Among the sufferers under new airline security rules: small winemakers and the peripatetic wine drinkers who love them. The Los Angeles Times reports:
New security measures banning liquids from airplane carry-on luggage have some California vintners seeing red.
Passengers jamming multi-bottle wine carriers into overhead bins and under seats were a common sight on flights departing from San Francisco, Oakland and Sacramento airports until [last] Thursday's ban — sparked by the British authorities' foiling of an alleged plot to blow up jetliners.
Since then, unwitting oenophiles have been chugging prized vintages or dumping full bottles of wine into bins with lipstick, sunscreen and other banned liquids.
Each year, hundreds of thousands of cases of wine travel across the country as carry-on luggage, a small but important part of California's $16.5-billion wine industry.
The concourses are slick with the tears of oenophiles as their prized bottles are unceremoniously confiscated and destroyed. The nation's crazy quilt of laws restricting direct shipment of wine to consumers -- you know, to protect the children -- don't help the situation for thirsty tourists far from home:
Stopping off at a shipping company service on the way to the airport won't help. UPS and FedEx won't knowingly accept wine shipments from consumers out of fear of violating one of the many regulations that govern the transport of alcoholic beverages.
'If we find out the shipment is a box of wine, we will just hold it wherever we discover the fact,' UPS spokesman Steve Holmes said. 'It might be in the middle of Kansas. You would have a couple of days to retrieve it or else we are going to dump it.'
If you are prepared to risk the perils of the cargo hold, transporting wine in your checked luggage is still permissible, and some wineries are trying to salvage sales by making that option more convenient. Per the San Luis Obispo Tribune:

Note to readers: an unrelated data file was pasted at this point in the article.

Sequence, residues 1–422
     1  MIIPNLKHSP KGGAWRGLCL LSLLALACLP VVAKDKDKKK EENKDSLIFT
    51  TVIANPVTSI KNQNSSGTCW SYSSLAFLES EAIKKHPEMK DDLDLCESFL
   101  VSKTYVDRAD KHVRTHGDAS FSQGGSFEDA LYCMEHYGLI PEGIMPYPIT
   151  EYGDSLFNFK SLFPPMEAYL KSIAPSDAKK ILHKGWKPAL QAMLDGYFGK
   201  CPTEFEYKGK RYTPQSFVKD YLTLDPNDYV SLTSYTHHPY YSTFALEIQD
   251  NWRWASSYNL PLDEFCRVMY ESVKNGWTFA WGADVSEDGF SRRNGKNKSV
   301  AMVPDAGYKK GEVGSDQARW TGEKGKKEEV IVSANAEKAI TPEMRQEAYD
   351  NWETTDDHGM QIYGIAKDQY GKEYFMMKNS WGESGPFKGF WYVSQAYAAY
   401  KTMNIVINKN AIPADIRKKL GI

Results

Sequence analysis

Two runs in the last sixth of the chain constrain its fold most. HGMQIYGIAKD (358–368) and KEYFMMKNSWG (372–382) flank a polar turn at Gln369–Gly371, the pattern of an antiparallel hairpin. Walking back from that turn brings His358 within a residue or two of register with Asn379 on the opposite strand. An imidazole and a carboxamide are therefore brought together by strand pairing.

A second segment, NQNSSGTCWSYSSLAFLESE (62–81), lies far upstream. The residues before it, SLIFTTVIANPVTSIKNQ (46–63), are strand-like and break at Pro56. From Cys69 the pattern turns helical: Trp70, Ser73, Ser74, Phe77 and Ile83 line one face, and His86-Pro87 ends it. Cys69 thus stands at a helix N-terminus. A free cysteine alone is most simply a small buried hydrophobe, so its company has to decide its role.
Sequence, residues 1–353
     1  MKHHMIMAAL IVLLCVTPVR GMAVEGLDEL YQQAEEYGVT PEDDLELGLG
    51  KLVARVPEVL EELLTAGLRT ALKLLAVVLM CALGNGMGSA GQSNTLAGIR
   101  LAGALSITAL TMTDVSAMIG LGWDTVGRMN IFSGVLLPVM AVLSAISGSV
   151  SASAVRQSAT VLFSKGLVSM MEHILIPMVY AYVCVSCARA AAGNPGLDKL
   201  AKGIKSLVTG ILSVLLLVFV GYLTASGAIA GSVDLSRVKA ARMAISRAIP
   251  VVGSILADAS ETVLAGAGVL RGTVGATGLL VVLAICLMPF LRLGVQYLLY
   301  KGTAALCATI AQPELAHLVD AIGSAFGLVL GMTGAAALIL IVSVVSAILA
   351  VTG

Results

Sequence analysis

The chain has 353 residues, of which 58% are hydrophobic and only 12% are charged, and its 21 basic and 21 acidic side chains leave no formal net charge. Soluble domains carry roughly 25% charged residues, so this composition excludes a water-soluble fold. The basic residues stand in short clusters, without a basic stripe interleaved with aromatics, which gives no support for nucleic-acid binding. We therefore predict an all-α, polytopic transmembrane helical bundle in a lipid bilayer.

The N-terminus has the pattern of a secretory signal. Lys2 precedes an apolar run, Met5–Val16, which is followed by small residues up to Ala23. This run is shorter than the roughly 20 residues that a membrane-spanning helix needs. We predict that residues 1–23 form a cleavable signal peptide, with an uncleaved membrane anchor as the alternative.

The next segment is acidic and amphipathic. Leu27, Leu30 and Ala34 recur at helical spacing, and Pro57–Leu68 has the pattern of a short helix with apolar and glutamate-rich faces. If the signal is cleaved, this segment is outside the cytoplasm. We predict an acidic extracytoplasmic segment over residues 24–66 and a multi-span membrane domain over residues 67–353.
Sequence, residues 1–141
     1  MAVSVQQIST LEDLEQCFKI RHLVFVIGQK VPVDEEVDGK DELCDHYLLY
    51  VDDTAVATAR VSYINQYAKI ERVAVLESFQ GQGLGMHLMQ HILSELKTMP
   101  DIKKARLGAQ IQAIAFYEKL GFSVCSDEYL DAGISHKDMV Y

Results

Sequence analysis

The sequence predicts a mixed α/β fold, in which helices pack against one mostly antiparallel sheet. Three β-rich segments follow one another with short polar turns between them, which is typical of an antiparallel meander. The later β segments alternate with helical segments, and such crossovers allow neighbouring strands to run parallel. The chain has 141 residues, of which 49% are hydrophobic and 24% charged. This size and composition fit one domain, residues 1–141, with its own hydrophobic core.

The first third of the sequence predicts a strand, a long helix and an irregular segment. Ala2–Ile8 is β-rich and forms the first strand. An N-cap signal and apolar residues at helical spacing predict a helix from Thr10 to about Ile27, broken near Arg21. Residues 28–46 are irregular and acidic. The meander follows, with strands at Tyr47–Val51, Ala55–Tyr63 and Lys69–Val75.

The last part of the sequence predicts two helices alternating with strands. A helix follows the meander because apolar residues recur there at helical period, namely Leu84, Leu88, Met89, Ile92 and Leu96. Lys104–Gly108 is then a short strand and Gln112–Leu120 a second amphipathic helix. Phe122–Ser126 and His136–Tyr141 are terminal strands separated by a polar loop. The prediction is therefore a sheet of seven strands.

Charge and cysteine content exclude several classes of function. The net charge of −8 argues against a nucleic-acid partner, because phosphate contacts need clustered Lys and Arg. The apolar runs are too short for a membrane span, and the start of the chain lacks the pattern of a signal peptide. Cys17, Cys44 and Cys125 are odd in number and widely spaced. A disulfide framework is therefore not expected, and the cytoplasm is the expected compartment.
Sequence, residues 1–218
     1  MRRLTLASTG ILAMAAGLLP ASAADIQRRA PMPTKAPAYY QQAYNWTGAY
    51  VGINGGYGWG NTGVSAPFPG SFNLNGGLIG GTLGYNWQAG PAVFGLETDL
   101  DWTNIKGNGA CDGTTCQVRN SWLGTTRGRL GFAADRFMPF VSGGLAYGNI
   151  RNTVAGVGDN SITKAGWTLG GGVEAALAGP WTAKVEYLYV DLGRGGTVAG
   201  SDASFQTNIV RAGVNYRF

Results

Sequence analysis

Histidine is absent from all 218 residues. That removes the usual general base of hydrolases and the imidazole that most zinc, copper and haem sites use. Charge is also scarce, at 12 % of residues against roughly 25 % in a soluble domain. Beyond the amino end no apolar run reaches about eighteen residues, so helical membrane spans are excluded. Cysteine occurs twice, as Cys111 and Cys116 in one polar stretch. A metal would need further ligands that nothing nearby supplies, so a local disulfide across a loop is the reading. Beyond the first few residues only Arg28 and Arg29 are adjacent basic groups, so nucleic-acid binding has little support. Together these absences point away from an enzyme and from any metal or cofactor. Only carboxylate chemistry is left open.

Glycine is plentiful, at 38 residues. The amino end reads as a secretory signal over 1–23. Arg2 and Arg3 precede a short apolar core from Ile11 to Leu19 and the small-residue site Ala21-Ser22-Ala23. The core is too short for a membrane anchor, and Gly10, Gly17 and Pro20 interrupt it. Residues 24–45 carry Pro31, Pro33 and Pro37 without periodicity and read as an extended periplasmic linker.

Tablas Creek Vineyard in Paso Robles posted fliers around its tasting room this weekend to alert visitors of the changes and to offer foam packing containers to allow wine to be safely checked in.
The containers — which are given free to customers — cost the winery $2.73 a piece.
Wine lovers are not the only aesthetes suffering in these troubled times. Writing at Samizdata.net, Brian Micklethwait points to musician/weblogger Jessica Duchen's report on heightened airline security and the persecution of the performing arts:
I'm sorry to say that the latest on carrying hand-baggage on flights to/from Britain is that violins appear to be a no-no.
Tom has been carrying his violin into the cabin as hand-luggage for 25 years. Yesterday we hung on for about ten minutes to get through to the airline on which we are meant to fly to France next month, listening to pre-recorded platitudinous messages about their wonderful customer service. Finally Tom was told by some idiot of a rep that he can put his violin in the hold. He explained that he can't: it's liable to be smashed by those shot-putting bag handlers, being 150 years old and worth a five-figure sum. 'In that case you can afford to buy another ticket for it,' said the rep, who evidently hadn't listened to the platitudinous messages about their wonderful customer service.
The news is not all bad: "There's no problem with the French internal flight from Nice to Nantes - the rep we spoke to there seemed to think that Britain and the US have gone completely bonkers . . . ."